Children and Young People Education

Additional Learning Needs White Paper

4 June 2014

Article written by Michael Dauncey, National Assembly for Wales Research Service

Image from Pixabay. Licensed under the Creative Commons.
Image from Pixabay. Licensed under the Creative Commons.

The Welsh Government has recently (22 May 2014) published a White Paper setting out plans for new legislation on meeting additional learning needs in Wales.

Broadly speaking, the proposals will:

  • replace the existing statutory definition of Special Educational Needs (SEN) with a more flexible and inclusive legal concept of Additional Learning Needs (ALN); and
  • replace statements of SEN with Individual Development Plans (IDPs) as the basis for meeting a child or young person’s ALN.

Through these reforms, the Welsh Government also wants to bring together the legislation and statutory definitions for children under 16, who are classed as having ‘special educational needs’, and post-16 learners in further education, who are considered as having ‘learning difficulties and/or disabilities’. An ALN Bill would also seek to bring about greater co-operation between education, health and social services and improve families’ rights and experiences when applying for interventions.

Reform of the legal framework for learning needs has been on the agenda in Wales for a long time with a number of previous reviews and consultations being held on the subject. In the Second Assembly, the Education Lifelong Learning and Skills Committee undertook a three part inquiry into SEN between 2004 and 2007, which demonstrated the need for changes to be made.

The Programme for Government published at the start of the 2011-2016 Fourth Assembly included a commitment to reform the process for dealing with SEN / ALN in Wales and, in 2012, the Welsh Government held the consultation Forward in partnership for children and young people with additional needs: Proposals for reform of the legislative framework for special educational needs.

The current SEN framework is generally considered to be outdated, divisive and inflexible in terms of basing entitlement on statements. The Welsh Government itself states in the White Paper that it is no longer fit for purpose and ‘complex, bewildering and adversarial’. There is also considerable variation and inconsistency amongst local authorities across Wales in the way it is applied.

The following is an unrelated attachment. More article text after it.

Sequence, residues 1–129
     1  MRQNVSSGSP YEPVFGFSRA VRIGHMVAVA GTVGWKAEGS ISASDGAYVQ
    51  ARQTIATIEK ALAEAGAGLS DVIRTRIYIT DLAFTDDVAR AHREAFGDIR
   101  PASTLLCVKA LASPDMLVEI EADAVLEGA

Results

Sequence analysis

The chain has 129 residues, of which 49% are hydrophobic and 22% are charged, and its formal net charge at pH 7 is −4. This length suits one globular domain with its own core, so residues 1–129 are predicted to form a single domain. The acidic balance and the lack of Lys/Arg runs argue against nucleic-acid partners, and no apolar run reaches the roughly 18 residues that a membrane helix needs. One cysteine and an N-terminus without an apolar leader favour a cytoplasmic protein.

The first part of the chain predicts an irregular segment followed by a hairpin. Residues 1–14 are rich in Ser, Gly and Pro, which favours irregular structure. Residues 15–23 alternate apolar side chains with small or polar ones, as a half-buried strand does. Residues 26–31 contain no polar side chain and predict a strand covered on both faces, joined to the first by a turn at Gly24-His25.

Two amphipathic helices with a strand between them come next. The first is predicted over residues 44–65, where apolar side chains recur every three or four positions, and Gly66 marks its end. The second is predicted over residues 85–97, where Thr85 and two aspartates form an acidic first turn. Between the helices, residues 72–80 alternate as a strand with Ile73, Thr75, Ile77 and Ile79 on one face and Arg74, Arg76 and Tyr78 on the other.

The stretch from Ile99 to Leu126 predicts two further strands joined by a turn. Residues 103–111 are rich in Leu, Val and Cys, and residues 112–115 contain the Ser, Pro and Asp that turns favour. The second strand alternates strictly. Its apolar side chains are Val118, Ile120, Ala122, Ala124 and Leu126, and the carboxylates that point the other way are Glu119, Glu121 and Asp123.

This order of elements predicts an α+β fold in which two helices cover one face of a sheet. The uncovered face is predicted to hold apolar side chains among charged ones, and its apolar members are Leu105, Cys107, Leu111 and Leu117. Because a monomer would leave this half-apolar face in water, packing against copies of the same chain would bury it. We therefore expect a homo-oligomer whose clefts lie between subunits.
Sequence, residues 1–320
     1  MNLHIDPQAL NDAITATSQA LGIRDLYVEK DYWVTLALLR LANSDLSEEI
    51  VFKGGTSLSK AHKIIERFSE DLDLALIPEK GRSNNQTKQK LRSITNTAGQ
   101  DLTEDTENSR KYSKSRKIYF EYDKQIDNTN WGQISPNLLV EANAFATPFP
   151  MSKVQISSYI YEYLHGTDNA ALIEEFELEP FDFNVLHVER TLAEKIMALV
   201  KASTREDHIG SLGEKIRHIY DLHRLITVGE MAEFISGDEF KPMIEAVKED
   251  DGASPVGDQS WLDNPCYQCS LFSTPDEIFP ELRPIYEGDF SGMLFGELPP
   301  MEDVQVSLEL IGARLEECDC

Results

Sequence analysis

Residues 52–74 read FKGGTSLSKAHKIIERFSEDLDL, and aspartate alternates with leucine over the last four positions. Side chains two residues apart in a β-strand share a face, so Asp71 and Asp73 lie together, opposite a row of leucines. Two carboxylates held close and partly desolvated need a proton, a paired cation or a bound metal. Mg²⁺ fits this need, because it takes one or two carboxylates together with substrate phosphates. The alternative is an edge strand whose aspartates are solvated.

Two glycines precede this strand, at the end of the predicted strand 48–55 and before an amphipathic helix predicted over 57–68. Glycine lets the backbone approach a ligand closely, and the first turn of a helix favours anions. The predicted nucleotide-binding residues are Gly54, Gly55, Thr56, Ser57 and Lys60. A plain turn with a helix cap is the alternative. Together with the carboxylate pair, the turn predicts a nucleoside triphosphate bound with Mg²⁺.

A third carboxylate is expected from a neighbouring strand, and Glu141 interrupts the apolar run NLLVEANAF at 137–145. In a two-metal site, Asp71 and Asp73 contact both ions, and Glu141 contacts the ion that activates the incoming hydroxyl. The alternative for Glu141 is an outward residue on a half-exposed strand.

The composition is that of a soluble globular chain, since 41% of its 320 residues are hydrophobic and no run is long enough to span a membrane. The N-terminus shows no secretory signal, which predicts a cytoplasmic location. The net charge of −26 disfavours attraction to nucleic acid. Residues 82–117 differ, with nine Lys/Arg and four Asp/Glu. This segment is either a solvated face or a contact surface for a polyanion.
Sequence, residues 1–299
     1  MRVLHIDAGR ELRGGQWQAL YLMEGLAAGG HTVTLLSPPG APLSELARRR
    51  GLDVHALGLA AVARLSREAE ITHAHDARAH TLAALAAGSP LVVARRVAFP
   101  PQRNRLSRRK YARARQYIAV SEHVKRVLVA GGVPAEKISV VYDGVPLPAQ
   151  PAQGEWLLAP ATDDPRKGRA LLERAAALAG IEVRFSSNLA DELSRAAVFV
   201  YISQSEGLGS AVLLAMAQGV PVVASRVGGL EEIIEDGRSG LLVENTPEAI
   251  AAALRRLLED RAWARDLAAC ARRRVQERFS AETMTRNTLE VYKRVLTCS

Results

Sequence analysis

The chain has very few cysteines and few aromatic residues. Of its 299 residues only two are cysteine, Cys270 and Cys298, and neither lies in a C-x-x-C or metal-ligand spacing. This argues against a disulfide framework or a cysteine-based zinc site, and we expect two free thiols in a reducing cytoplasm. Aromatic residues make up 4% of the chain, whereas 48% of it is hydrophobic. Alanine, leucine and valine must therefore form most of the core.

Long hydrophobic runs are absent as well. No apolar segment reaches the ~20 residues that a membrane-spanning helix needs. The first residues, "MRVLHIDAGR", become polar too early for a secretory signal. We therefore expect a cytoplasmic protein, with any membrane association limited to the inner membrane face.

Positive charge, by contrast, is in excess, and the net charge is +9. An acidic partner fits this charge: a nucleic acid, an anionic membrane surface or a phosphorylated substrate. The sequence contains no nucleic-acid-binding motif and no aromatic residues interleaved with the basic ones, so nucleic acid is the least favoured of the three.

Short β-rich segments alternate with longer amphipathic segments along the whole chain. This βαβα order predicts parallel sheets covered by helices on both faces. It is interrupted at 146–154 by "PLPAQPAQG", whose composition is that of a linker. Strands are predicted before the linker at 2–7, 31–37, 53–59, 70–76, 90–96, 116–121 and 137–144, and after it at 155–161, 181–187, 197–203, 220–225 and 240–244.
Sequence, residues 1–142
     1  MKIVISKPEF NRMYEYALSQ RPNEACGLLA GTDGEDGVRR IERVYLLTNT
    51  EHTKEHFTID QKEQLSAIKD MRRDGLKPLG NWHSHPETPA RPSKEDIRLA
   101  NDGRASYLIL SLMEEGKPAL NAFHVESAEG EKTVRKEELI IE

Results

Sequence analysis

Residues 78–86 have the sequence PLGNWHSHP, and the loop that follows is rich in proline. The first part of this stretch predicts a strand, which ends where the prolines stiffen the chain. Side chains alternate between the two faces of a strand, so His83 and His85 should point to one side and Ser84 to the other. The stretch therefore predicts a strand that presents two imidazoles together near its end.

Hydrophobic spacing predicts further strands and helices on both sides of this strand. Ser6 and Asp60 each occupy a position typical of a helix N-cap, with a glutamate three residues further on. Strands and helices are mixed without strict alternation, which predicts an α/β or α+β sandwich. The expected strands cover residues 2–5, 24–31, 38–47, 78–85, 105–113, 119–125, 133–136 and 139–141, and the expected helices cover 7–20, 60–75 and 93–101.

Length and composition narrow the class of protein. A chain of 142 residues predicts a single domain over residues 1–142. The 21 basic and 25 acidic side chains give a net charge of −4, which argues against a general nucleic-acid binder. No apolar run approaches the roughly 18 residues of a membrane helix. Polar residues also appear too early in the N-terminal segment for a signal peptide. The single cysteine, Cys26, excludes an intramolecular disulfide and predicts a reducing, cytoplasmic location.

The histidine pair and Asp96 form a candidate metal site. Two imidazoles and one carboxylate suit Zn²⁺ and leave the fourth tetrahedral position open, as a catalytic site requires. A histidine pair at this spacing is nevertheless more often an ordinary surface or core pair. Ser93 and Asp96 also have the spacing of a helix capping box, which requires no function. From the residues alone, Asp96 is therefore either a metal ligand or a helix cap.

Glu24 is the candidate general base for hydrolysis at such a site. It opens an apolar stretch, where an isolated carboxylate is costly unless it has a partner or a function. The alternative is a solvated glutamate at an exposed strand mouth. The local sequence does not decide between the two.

In evidence to the Children, Young People and Education Committee, Estyn has commented on the ‘considerable variation currently in local authority policies and practice’ and that local authorities have sought to reduce the number of statements and to provide support for pupils through other avenues such as School Action Plus. However, Estyn reported that ‘the rate at which this has happened varies considerably from one authority to another’.

The latest statistics on Pupils with Statements of Special Educational Needs, published by the Welsh Government in June 2013, show just how much practice in Wales varies. For example, as of January 2013, Bridgend and Torfaen had 15 and 16 young people with statements per 1,000 pupils respectively, compared to Swansea and Newport with 43 and 41.

The Welsh Government’s White Paper lists 22 specific proposals under the following three aims:

  • A unified legislative framework to support children and young people aged 0 to 25 with additional learning needs;
  • An integrated, collaborative process of assessment, planning and monitoring which facilitates early, timely and effective interventions; and
  • A fair and transparent system for providing information and advice, and for resolving concerns and appeals.

The Welsh Government spends £358 million per year (2013-14) on SEN provision, with around 70 per cent of this money delegated to education settings themselves and the remainder allocated to local authorities.

Consultation on the proposals in the White Paper runs until 25 July 2014 and the Welsh Government has said the earliest a Bill is expected to be introduced to the Assembly is 2015, which would mean that reforms could come into force in academic year 2016/17.

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